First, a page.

Domain Service Scam: An SEO Saga (Part Four)

Domain Service




Once upon a time, a domain service scam called Domain Registry of America thought it was a good idea to target my company with their deceitful marketing campaign. Since I have an abundance of free time and a fair sense of humor, we’re using them in our tutorial for improving the web performance of your blog. Click here to read this series from the beginning.

Today we’ll talk about how links affect your search engine performance, and what you can do about it. For example, if you click on the image at the top of this page, it will lead you to the Domain Registry of America scam’s home page.

The Back Story

A few years ago, in a galaxy pretty close to us, Google figured out that links to a site were a form of social proof. This was back when everybody was hand-coding their webpages. If a page included a link to another page, that was pretty solid evidence that the person who built the linking page thought highly of whatever the destination page had to offer. For example, a person running a consumer report page might include a link to a domain service scam watchdog group because he used it frequently for research. End result — links to your page, especially links with related text, had heavy weight in Google’s algorithms.

Gaming the System

It was a pretty clever system, but people are good at finding ways to game any program. Some examples included:

  • Dropping thousands of links to a site in the comments of blogs, and as posts in forums, using automated programs.
  • Building complex webs of web pages that referred to one another, run either by the same company or by a network of cooperating companies.
  • Buying space on a link farm, a site built and maintained solely to provide links to commercial websites.

Taking advantage of how a system works is bad hattery, the kind of behavior one might expect from those bad, bad hats over at the Domain Registry of America scam. Last year, Google dropped a math hammer on people who used these methods to get an unfair advantage over those who play by the rules. End result — a lot of what you might have heard about using links to grow traffic is out of date, and could actually penalize your search engine performance.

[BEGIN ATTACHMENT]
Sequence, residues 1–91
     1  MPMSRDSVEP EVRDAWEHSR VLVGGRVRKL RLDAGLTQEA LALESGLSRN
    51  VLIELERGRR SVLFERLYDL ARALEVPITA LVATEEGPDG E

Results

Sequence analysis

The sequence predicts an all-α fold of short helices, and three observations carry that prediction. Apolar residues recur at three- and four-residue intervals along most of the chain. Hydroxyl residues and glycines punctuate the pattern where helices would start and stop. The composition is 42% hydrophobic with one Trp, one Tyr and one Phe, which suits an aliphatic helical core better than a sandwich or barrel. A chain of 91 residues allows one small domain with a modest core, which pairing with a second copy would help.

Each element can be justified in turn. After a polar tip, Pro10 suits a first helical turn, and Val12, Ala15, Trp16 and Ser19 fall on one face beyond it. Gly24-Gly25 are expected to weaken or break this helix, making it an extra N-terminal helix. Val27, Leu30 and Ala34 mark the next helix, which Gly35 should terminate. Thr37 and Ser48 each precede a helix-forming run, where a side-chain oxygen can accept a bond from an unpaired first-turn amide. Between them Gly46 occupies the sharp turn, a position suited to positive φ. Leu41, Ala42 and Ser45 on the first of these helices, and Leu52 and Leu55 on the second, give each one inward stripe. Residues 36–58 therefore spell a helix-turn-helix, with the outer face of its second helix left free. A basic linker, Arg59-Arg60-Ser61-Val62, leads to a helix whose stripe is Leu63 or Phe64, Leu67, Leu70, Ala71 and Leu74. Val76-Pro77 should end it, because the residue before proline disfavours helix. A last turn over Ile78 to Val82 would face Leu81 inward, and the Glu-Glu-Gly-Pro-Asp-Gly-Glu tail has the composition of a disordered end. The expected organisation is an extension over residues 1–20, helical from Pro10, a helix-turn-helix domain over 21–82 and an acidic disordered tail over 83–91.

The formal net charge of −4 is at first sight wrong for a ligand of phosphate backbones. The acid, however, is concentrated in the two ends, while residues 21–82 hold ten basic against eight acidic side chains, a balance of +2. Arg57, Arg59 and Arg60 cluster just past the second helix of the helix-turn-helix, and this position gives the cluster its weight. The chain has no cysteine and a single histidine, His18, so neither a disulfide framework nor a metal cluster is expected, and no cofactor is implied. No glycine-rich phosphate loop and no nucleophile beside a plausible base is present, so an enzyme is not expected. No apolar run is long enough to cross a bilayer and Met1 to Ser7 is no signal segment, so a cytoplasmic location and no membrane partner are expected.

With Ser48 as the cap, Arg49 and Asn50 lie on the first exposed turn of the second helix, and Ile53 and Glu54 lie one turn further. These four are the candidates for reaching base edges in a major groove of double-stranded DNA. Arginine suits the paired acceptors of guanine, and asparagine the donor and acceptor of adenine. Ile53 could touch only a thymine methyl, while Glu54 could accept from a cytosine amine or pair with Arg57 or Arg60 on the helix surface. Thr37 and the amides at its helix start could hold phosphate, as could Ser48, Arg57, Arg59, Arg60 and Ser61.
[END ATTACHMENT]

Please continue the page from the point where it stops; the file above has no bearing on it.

Okay, So Now What?

Short version: play by the rules. Don’t look for shortcuts like domain service scams so frequently do. Write good text about compelling topics, and share them on your social media platforms. Some specific things you can do include:

  • Put together a team of four or five friends to post links to your best content in social media platforms and forums they frequent. Make sure those links are topical and relevant.
  • Get active in social media, especially Google+ and post synopses with links to your material.
  • Write guest posts on other peoples’ sites, and include a link to your own page within the text.
  • Link to, and comment on, the sites of thought leaders in your field. If they notice you, courtesy will demand a link or comment to you.

As you can see, the move is toward what Google wanted to be in the first place. Great content and legitimate social signals are the best way to “game” the system. Tune in next week for a discussion of how to improve keyword density on your site without making your copy convoluted and unnatural.

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